Natural Gas Pipeline Development in Southeast Asia

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         APERC
            ASIA PACIFIC ENERGY RESEARCH CENTRE




REPORT TO THE 20 TH MEETING OF THE APEC ENERGY WORKING GROUP

                        CUSCO, PERU



                OCTOBER 18 - 19, 2000




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                                               F OR E WOR D


     APERC began its fifth year of operation in July 2000. After completing its six 1999/2000 studies in March
2000, APERC in 2000/01 began phase two for four projects from the previous year plus added two new studies
-- Clean Development Mechanism (CDM) and New and Renewable Energy (NRE). In addition, APERC
started work on the Annual Energy Overview project requested by the EWG 19 in April 2000 in Bandar Sri
Begawan. This exercise will become an annual APERC project. Some preparatory work will be undertaken in
2000 for the update of the APEC Energy Demand and Supply Outlook which is planned for 2001. Researchers
are currently preparing these new studies.

    The Mid-Year July 2000 Workshop in Tokyo was a success. To ensure that the end product meets the needs
of APEC member economies, EGEDA members, energy planners and experts were asked to give input and
provide guidance for our 2000/01 studies.

    Meanwhile, reports from APERC’s 1999/2000 studies have been distributed widely to APEC member
economies. These reports have also been posted on the website in PDF format to enable greater access to
findings and results. APERC continues to receive useful input and comments on these publications. Updates
on certain studies have been requested to keep readers abreast of recent energy sector developments in APEC
economies.

    This report outlines APERC’s activities over the last year but focuses on the events that have taken place
since EWG 19 in Brunei Darussalam. The activities to be discussed include research progress, other activities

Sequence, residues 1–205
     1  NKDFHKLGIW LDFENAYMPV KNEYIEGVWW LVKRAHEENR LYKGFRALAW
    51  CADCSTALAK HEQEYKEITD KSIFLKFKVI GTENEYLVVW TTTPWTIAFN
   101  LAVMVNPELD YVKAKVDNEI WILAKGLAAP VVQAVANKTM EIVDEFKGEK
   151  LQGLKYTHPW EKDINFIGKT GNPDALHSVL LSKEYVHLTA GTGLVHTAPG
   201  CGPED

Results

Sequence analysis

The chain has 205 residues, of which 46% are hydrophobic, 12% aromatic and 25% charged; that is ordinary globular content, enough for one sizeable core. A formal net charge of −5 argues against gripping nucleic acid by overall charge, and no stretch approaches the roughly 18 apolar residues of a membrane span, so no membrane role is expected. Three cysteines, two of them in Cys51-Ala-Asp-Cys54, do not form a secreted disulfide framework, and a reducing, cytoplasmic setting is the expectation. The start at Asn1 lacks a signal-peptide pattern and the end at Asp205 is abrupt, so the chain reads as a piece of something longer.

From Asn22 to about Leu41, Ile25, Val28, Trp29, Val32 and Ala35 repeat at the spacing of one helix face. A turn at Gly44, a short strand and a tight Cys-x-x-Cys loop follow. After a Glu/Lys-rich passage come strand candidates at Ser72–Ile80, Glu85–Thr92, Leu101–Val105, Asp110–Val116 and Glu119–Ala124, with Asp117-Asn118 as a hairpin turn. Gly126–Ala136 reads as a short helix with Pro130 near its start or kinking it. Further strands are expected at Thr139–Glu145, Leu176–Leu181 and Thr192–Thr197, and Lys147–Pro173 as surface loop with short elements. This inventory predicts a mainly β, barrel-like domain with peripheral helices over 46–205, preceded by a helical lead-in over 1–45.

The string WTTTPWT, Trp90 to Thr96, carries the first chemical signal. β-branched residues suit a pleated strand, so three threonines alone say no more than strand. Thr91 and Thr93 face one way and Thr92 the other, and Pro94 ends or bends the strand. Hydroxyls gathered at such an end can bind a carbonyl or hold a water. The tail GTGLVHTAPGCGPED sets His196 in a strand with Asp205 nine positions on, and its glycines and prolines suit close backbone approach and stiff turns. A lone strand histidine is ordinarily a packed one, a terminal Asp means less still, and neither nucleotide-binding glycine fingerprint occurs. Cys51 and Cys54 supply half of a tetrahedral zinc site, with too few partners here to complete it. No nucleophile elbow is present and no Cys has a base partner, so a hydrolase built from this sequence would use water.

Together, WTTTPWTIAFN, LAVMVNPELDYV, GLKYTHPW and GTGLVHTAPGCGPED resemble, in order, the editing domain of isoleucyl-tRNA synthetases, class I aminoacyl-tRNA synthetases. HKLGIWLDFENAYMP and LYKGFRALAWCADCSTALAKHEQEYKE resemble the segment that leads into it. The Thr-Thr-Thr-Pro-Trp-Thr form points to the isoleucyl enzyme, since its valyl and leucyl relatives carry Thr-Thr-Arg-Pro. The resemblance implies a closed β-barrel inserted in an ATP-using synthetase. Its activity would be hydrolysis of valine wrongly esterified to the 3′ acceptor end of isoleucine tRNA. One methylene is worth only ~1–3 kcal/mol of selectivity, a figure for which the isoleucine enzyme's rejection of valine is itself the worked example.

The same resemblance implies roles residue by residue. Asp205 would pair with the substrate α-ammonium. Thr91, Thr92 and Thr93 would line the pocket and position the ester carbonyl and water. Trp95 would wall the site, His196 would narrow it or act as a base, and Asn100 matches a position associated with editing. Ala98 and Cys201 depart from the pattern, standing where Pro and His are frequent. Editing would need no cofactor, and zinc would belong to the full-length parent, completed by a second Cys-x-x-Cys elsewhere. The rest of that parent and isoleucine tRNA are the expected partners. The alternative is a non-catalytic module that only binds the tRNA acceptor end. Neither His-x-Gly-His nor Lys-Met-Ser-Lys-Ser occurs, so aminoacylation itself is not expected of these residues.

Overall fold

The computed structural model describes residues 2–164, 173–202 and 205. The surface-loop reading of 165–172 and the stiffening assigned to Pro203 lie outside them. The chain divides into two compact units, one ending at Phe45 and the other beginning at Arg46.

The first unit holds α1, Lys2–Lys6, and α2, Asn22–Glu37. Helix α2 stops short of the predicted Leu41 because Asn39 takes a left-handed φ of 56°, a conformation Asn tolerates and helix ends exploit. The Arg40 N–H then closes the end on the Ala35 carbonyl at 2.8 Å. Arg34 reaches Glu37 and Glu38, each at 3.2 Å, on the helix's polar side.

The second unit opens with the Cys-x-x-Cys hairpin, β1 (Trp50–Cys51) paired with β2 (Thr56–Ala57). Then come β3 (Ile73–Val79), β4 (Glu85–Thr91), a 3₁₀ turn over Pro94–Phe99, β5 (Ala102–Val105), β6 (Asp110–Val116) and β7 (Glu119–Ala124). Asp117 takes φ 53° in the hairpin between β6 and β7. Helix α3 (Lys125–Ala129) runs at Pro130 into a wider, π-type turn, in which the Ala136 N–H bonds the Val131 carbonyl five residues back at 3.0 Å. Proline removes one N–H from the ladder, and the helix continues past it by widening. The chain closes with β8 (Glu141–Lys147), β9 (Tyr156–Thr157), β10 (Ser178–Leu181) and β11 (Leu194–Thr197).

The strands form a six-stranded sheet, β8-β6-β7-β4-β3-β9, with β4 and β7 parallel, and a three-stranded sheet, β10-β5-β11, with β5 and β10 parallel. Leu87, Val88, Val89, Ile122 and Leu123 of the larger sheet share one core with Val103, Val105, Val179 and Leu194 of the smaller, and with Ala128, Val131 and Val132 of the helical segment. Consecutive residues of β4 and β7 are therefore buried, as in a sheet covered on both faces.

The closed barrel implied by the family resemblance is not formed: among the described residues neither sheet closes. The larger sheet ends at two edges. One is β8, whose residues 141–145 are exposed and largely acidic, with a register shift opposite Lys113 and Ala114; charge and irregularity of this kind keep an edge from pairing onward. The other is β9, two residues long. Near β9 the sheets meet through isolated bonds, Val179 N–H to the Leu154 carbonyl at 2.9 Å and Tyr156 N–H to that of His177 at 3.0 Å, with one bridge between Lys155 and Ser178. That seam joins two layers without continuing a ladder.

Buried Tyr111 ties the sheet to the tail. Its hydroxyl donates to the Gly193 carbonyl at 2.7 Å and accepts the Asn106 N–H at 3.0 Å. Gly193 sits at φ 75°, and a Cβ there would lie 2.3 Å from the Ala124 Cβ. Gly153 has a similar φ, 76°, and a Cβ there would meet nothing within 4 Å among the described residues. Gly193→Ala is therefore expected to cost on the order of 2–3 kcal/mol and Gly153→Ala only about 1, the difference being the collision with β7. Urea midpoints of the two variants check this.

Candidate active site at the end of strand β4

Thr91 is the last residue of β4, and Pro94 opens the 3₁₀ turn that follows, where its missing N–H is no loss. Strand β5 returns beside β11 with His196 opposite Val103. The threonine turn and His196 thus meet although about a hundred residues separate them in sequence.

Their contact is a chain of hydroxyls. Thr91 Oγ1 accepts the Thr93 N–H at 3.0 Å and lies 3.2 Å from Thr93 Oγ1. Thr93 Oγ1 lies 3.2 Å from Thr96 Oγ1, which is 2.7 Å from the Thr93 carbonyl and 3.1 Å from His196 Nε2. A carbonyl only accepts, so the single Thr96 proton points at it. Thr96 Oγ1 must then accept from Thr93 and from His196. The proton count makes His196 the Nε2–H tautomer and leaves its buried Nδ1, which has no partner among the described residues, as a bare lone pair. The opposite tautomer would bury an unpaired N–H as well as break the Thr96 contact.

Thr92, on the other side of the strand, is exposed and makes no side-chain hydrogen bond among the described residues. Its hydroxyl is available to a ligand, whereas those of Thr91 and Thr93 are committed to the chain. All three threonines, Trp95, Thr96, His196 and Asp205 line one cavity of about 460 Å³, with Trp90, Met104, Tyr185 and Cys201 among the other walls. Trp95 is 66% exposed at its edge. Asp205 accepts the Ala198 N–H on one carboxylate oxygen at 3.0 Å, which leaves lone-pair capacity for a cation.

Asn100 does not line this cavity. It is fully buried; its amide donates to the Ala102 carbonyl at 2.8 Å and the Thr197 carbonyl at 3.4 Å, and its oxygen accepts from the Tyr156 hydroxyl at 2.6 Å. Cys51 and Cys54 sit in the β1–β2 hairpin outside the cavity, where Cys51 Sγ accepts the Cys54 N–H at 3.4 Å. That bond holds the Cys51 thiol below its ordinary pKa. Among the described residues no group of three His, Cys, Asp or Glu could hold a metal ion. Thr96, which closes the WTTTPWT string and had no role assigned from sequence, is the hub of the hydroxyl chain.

and various administrative matters.

    I look forward to working with the APEC EWG and its affiliated Expert Groups.


    Keiichi Yokobori
    President

    September 2000




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                                                                                 CONTENTS



Foreword ......................................................................................................................................................................ii

Executive Summary ....................................................................................................................................................4

Research Themes for 2000/01 .................................................................................................................................5

Other Major Activities of APERC .......................................................................................................... 9

Personnel and Administrative Matters ................................................................................................................. 18



APPENDIX 1.                   TERMS OF REFERENCE OF APERC 2000/01 RESEARCH THEMES

     APEC Energy Pricing Practices: Natural Gas End-Use Prices
     Energy Efficiency Indicators for APEC Economies
     Energy Supply Infrastructure Development in the APEC Region
     CDM: A Case Study and Other Issues
     New and Renewable Energy in the APEC Region: Current Status and Future Potential
     APEC Energy Overview

APPENDIX 2.                 APERC’S MID-YEAR WORKSHOP, 13TH – 14TH JULY, 2000

APPENDIX 3.                 APEC 14 NON-BINDING ENERGY POLICY PRINCIPLES

APPENDIX 4.                 APERC ADVISORY BOARD




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                                     EXECUTIVE SUMMARY


    Following the completion of its six projects in 1999/2000 in March 2000, in Financial Year 2000/01,
APERC proceeded with phase two for four projects from the previous year, two new projects and one
project assigned by the APEC EWG 19 in April 2000 in Bandar Sri Begawan.
    The four projects to be continued in 2000/01 are: energy pricing practices, energy efficiency indicators,
power interconnection and the gas infrastructure development – with the latter two themes merged into one
study called energy supply infrastructure development. The new studies are clean development mechanism
(CDM) and new and renewable energy (NRE). The project requested by the EWG 19 in April 2000 is the